Another season of college applications (this time for exchanges for our mandatory gap year), another flurry of college essays. This one was for Yale.
Write about a book, play, movie, piece of art – anything in literature or arts, classic or contemporary – that has affected the way you think.
I was always a book person. So it surprised even me when I knew it had to be a film. The truth is, I cannot narrow down any commentary on my personality to anything less than ten, maybe twenty books. But there is a singular film I immediately name whenever I am asked which one my favourite is.
I grew up in Eurocentric ‘international’ schools, and consequently had exclusively entertained myself with British and American media. I was never remotely interested in local pop music or TV shows, due in part to my shameful incompetence in my ‘mother tongue’. But the primary reason slunk in the beautiful blonde models plastered on our billboards (even though Hong Kong is 90% ethnically Chinese) and the sense of superiority enveloping the small but significant expat population. I had long internalised the ‘fact’ that Western means cool, and Chinese therefore uncool.
That is, until my parents tricked me into watching 3 Idiots with them. When I found out it was a three hour-long Bollywood film, like in an American sitcom, I groaned and rolled my eyes. See, extrapolating the ‘non-Western means uncool’ sentiment means Asian media can never be as worth my time – the scripts are lame, the actors gauche, the cinematography kitsch. But just half an hour in and I had wept for joy and for sorrow, froze with shock and suspense, and was struck dumb by its profundity and breathtaking visuals. This film dropped some fire wisdom, y’all. Go watch it.
When I left the theatre and Googled 3 Idiots on my father’s phone (I still had one of those indestructible Nokias then), I saw that it was already an immense international success. And like in an American romcom, that was the precise moment a life-changing revelation clicked: non-white people can be cool too. Foreign films can be cool, and not just in the francophone arthouse way. Foreign actors are ridiculously talented at singing and dancing and being hilarious and heart-breaking at once. Side note: Notice how I say ‘foreign’ when I am neither American nor British myself? Sure, Indian culture may not be my culture, but the sheer sensation that was this film ignited a desire to get to know my own culture, and to own it.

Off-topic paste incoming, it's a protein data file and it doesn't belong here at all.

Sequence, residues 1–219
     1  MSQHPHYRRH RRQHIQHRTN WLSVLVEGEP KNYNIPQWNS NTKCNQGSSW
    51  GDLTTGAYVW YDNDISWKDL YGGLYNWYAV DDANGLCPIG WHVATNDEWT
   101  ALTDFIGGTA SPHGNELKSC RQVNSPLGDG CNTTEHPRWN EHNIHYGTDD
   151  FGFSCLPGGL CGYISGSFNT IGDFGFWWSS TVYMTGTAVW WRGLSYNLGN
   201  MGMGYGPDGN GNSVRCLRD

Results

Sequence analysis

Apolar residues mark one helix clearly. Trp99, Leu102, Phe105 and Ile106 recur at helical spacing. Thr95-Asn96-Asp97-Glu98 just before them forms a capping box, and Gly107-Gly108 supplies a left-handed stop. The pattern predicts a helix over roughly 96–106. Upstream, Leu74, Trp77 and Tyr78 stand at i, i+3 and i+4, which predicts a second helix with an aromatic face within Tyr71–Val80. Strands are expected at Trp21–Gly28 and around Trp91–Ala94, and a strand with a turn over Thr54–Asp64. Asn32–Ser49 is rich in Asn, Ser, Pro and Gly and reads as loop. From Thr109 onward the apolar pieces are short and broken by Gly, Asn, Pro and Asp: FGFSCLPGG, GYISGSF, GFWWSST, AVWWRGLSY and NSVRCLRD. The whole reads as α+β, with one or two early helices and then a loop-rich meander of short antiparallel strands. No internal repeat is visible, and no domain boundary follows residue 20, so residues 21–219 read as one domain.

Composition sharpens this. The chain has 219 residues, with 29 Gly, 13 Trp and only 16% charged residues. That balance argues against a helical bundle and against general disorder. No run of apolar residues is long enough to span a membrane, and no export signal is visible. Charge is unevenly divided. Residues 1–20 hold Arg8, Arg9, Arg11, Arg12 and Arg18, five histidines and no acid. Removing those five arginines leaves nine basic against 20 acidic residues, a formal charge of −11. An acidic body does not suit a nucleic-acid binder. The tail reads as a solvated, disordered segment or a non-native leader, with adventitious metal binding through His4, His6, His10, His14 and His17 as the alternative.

The second way 3 Idiots reshaped my self-identity may sound clichéd. A film unafraid to show student suicide and suffocating academic pressure, it was the first narrative to chip away at my belief that only my grades are worth measuring. They were the only area that I could see myself empirically excelling in. I had many interests (horse riding, running, music), but at most I was above average. And in the rat race to the best universities for the best jobs for the best life, it had felt futile to be anything but the best.
“Ever since we were young, we believed that life was a race… Man, even to be born, we had to race 300 million sperm.” – 3 Idiots
Because I knew there are countless people much smarter than me, this sense of futility only further dampened my self-esteem. Sure, phenomena like Harry Potter has lines like:
“Harry – you’re a great wizard, you know.”
“I’m not as good as you,” said Harry, very embarrassed, as she let go of him.
“Me!” said Hermione. “Books! And cleverness! There are more important things – friendship and bravery and – oh Harry – be careful!”
But 3 Idiots pierced the viscous film of un-relatability I had not even noticed was enshrouding my mind. It spoke from a culture similar to my own – one in which education is worshipped as the one sure way to success, and parents are willing to splurge inordinate amounts of money on marginally better schools.
Did 3 Idiots magically snuff out all my doubts? No. But fictitious though it may be, it proved how my empirical performance is not the best predictor of my future success. Do something meaningful, and you are successful. And I am confident that in my pursuit of medicine, I will find many things that are meaningful, and achieve them.